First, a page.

Nevertheless, the emergence of Tuareg fundamentalists has amazed some observers. The Tuaregs are known as occasional providers of logistic services to radical Islamic groups, but until now the nomads were not usually known as naturally born fundamentalists. As a matter of fact, MNLA has repeatedly offered its services in fighting Al Qaeda in the strategically important Sahara region to the West and the international community in exchange for recognition of Tuareg independence.
The tradition of men covering their faces certainly gives the Tuareg men a rather sinister look.
In fact, in Roman times, their ancestors were called the Garamantes, and controlled lucrative caravan routes across the Sahara from Mali. They repeatedly clashed with the Romans on various occasions and the last proconsul to earn a triumphus — Lucius Cornelius Balbus — won this distinguished honor from Augustus in 19 BC for having defeated the Garamantes in a series of skirmishes in modern-day Fezzan. Yet, even though the poet Virgil prophesied the subjugation of these tribesmen in his renowned epic the Aeneid, the Garamantes always remained independent of Roman rule in the province of Africa.
Modern day Tuaregs do have a reputation for smuggling, raiding and providing ruthless mercenaries to regimes across the region, including the one of Muammar Gaddafi. But Tuaregs also have a less known soft side of the bon vivants of the Sahara desert, fans of booze, partying and a peculiar music style known as Tuareg rock or Tuareg blues. Other aspects of the Tuareg culture also make them unlikely converts to the Islamist cause. The Tuaregs are largely matrilineal. Though they are not matriarchal, traditionally, in the Tuareg society women were accorded higher social status compared to Arabs and other Berber peoples. Not a bunch of folks one would normally expect to submit themselves readily to the bleak and dry routine of a Sharia state.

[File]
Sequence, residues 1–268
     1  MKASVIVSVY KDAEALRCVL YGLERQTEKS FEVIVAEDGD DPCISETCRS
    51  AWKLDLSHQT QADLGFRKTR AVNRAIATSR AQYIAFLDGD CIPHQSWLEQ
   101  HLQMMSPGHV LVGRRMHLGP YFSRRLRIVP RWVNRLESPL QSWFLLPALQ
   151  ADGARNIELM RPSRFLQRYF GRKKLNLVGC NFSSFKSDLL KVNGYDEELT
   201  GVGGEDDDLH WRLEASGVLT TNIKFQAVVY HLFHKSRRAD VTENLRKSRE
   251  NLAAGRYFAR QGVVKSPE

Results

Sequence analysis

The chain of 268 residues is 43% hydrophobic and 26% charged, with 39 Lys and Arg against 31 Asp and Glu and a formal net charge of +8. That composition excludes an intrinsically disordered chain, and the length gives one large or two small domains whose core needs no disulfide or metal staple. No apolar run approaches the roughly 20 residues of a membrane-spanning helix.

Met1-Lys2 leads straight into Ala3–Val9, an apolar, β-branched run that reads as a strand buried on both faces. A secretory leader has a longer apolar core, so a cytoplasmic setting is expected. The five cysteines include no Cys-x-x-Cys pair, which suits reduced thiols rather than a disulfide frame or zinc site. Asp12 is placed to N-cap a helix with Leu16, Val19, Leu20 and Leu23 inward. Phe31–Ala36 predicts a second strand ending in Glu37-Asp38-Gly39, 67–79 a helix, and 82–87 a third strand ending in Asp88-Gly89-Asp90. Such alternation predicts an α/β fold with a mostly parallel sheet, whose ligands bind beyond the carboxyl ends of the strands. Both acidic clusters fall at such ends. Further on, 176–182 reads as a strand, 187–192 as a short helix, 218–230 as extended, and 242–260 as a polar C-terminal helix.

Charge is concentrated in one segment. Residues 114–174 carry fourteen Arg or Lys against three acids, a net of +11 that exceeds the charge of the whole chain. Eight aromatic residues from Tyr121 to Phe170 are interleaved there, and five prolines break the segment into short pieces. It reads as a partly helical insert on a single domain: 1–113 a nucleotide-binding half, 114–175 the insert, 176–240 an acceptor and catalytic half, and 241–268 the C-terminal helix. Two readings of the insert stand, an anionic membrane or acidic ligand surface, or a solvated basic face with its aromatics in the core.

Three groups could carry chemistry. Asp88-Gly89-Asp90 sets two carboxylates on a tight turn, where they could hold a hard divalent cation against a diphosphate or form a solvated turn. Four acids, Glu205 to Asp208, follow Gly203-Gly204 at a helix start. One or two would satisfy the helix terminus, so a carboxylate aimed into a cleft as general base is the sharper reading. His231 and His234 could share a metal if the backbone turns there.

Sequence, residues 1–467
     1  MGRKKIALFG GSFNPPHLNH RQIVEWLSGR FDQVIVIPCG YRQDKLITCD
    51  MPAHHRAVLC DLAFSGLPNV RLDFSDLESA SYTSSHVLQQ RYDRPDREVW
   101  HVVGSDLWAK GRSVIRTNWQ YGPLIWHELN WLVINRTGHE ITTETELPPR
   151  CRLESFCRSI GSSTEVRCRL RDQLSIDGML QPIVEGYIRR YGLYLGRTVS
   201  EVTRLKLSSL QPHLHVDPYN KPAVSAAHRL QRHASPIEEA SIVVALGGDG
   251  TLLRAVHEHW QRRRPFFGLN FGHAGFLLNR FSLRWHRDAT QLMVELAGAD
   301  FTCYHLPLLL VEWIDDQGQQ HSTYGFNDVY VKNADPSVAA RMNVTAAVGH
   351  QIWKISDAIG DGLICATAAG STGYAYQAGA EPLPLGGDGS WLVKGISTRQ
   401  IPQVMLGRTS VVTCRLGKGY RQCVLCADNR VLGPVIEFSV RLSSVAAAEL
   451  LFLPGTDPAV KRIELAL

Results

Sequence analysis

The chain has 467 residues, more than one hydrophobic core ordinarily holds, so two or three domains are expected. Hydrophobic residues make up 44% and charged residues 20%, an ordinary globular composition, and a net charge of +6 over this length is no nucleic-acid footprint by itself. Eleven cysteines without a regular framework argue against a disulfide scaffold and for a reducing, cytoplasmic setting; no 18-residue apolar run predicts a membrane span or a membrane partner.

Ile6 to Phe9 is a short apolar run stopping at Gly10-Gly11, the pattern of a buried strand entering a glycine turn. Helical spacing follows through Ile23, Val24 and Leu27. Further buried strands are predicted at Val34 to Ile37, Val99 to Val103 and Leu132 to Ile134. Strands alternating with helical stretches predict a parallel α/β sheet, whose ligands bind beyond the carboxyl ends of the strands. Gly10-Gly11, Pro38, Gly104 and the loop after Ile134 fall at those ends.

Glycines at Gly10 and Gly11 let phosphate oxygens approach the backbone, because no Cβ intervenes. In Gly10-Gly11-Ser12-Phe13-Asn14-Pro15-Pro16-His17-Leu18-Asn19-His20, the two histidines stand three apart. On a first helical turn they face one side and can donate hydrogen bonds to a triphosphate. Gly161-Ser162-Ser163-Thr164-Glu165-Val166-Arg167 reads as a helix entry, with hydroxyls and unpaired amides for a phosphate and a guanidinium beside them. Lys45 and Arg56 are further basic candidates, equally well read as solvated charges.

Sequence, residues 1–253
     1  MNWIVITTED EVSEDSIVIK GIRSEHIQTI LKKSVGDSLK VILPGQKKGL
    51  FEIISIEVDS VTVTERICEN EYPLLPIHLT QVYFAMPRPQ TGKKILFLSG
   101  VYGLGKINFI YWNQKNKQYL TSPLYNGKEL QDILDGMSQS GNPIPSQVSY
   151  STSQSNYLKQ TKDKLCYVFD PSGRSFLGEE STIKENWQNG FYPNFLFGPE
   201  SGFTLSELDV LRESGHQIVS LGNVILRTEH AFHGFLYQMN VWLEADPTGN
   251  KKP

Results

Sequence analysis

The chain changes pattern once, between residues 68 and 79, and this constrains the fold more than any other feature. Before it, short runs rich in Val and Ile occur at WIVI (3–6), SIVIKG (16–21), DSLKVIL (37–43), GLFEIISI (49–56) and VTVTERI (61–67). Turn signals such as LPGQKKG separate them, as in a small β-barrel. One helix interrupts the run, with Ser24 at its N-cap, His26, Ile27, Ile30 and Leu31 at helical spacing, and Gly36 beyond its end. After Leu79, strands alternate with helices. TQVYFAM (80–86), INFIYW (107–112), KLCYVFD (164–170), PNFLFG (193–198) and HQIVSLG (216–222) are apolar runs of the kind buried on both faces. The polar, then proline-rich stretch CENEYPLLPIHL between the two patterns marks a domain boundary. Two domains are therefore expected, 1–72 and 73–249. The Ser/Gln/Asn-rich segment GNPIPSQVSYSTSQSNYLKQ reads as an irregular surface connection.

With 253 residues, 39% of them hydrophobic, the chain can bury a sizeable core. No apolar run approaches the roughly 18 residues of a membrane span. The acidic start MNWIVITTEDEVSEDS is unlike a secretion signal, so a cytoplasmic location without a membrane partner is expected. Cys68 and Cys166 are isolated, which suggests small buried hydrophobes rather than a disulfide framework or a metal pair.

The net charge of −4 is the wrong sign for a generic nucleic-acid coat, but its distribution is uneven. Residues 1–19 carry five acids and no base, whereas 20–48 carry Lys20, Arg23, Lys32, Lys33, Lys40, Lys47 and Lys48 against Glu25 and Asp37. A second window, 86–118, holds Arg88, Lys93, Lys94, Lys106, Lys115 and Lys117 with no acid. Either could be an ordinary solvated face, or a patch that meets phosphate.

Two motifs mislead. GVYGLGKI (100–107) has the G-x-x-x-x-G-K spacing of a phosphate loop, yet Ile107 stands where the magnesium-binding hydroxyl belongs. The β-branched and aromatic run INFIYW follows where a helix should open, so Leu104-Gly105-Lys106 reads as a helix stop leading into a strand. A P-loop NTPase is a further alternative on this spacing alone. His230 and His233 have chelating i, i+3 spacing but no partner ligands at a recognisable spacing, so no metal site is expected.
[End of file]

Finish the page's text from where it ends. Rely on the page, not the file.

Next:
The leader of the new faction himself is a perfect example of this dramatic change. A renowned rebel, who single-handedly kick-started a previous Tuareg uprising, as late as 2008, Iyad ag Ghali still appears in Wikileaks sharing intelligence about Al Qaeda with U.S. diplomats. Ag Ghali’s transformation into an Islamic fundamentalist is even more surprising given the existence of personal accounts that indicate that not so long ago the man was still a big fan of smoking, drinking and partying. In this Ag Ghali was certainly not unlike many other Tuaregs of the region.